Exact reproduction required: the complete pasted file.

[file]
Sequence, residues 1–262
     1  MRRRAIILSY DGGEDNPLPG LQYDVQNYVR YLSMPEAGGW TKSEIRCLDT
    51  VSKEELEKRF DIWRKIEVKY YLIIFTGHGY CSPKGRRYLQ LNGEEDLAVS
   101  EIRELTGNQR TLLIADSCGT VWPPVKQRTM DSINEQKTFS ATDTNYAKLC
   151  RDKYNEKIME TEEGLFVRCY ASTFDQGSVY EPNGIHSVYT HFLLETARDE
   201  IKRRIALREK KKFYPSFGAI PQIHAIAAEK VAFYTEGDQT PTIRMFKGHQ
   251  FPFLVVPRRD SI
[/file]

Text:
Sequence, residues 1–262
     1  MRRRAIILSY DGGEDNPLPG LQYDVQNYVR YLSMPEAGGW TKSEIRCLDT
    51  VSKEELEKRF DIWRKIEVKY YLIIFTGHGY CSPKGRRYLQ LNGEEDLAVS
   101  EIRELTGNQR TLLIADSCGT VWPPVKQRTM DSINEQKTFS ATDTNYAKLC
   151  RDKYNEKIME TEEGLFVRCY ASTFDQGSVY EPNGIHSVYT HFLLETARDE
   201  IKRRIALREK KKFYPSFGAI PQIHAIAAEK VAFYTEGDQT PTIRMFKGHQ
   251  FPFLVVPRRD SI